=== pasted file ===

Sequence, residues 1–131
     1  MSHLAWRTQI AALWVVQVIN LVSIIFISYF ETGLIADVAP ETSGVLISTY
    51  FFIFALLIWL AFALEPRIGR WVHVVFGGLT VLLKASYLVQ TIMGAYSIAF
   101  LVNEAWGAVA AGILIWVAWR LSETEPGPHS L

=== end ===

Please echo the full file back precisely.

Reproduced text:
Sequence, residues 1–131
     1  MSHLAWRTQI AALWVVQVIN LVSIIFISYF ETGLIADVAP ETSGVLISTY
    51  FFIFALLIWL AFALEPRIGR WVHVVFGGLT VLLKASYLVQ TIMGAYSIAF
   101  LVNEAWGAVA AGILIWVAWR LSETEPGPHS L